An important lesson for us to learn from Jesus’ depth of mercy is that, at first, it will most likely scandalize us also. Mercy to this extent is supernatural. It challenges our natural reason and calls us to a new way of thinking and relating to others. The only way to overcome the “scandal” we might feel in the face of God’s mercy is to live it ourselves. Doing so will require that we put on new eyes to see sin, mercy and forgiveness through the eyes of God. If doing so shakes you to the core of your being, that might be a good sign. Are you allowing the apparent scandal of God’s abundant mercy to transform you so that it is no longer a shock or scandal to you, but is experienced as good and holy and from the Heart of our God?
Reflect, today, upon how deeply you understand God’s mercy. Do you rejoice when mercy is offered to another? Or do you find yourself condemning? Our Lord said, “Let the one among you who is without sin be the first to throw a stone at her.” None of us are without sin; therefore, none of us has the right to cast a stone at another. Allow the apparent scandal of God’s mercy to challenge you so that you come to not only understand God’s infinite mercy but also to act as an instrument of that mercy to everyone.
Most merciful Lord, You came to call the sinner to repentance and salvation. You offer mercy and forgiveness in superabundance. When faced with the sins of others, help me to imitate Your love for them and to show mercy and compassion to the greatest degree. I love You, Lord. Help me to love You and others with Your Heart of merciful love. Jesus, I trust in You.
Monday of the Fifth Week of Lent
(Note: In Year C, when the reflection for Year A was used, the readings from Sunday Year C may be used today.)
“Let the one among you who is without sin be the first to throw a stone at her.” John 8:7
This is a powerful line spoken by Jesus. The judgmental and condemning Pharisees brought a woman to Jesus who had apparently been caught “in the very act of committing adultery.” Was she a sinner? Yes, indeed she was. But this story is not so much about whether or not she was a sinner. It was about the attitude Jesus had toward sinners as compared to that held by the self-righteous, judgmental and condemning Pharisees.
First of all, let’s look at this woman. She was humiliated. She had committed sin, was caught, and was publicly presented to all as a sinner. How did she react? She didn’t resist. She didn’t remain in denial. She didn’t get angry. She didn’t fight back. Instead, she stood there humiliated, awaiting her punishment with a sorrowful heart.
Humiliation over one’s sins is a powerful experience that has the potential to bring forth true repentance. When we encounter someone who has sinned in a manifest way and is humiliated over their sin, we must treat them with compassion. Why? Because the dignity of the person always supersedes their sin. Every person is made in the image and likeness of God, and every person deserves our compassion. If one is obstinate and refuses to see their sin (such as in the case of the Pharisees), then an act of holy rebuke is necessary to help them repent. But when one experiences sorrow and, in this case, the added experience of humiliation, then they are ready for compassion.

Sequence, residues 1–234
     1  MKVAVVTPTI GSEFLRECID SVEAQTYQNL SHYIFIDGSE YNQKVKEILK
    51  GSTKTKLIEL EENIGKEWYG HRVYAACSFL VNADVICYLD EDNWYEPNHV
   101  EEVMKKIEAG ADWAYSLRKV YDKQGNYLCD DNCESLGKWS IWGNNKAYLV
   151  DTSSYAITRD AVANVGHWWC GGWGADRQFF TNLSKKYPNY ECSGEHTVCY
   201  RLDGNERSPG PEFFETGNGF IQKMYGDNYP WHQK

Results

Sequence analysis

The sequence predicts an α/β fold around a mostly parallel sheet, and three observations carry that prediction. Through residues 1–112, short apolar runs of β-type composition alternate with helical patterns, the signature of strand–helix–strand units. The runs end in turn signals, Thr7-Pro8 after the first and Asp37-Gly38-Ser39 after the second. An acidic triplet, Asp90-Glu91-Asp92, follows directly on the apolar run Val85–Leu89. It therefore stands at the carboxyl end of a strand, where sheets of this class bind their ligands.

By stating “Let the one among you who is without sin be the first to throw a stone at her,” Jesus is not justifying her sin. Rather, He’s making it clear that no one holds the right of condemnation. No one. Not even the religious leaders. This is a hard teaching to live for many in our world today. It is commonplace for the headlines in the media to almost compulsively present us with the most sensational sins of others. We are constantly being tempted to be outraged at what this or that person has done. We easily shake our heads, condemn them and treat them as if they were dirt. In fact, it seems that many people today see it as their duty to act as the “watchdogs” against every sin they can dig up on others.
Reflect, today, upon whether you are more like the Pharisees or Jesus. Would you have stood there in the crowd wanting this humiliated woman to be stoned? How about today? When you hear about the manifest sins of others, do you find yourself condemning them? Or do you hope that mercy is shown to them? Seek to imitate the compassionate heart of our divine Lord; and when your time of judgment comes, you also will be shown an abundance of compassion.
My merciful Lord, You see past our sin and look to the heart. Your love is infinite and awe-inspiring. I thank You for the compassion You have shown to me, and I pray that I may always imitate that same compassion to every sinner all around me. Jesus, I trust in You.
The Language of Jesus
Tuesday of the Fifth Week of Lent
Because he spoke this way, many came to believe in him. John 8:30
Jesus had been teaching in veiled but deeply profound ways about Who He was. In prior passages, He referred to Himself as the “bread of life,” the “living water,” the “light of the world,” and He even took upon Himself the ancient title of God “I AM.” Furthermore, He continually identified Himself with the Father in Heaven as His Father with Whom He was perfectly united and by Whom He was sent into the world to do His will. For example, just prior to the line above, Jesus states clearly, “When you lift up the Son of Man, then you will realize that I AM, and that I do nothing on my own, but I say only what the Father taught me” (John 8:28). And it was because of this that many came to believe in Him. But why?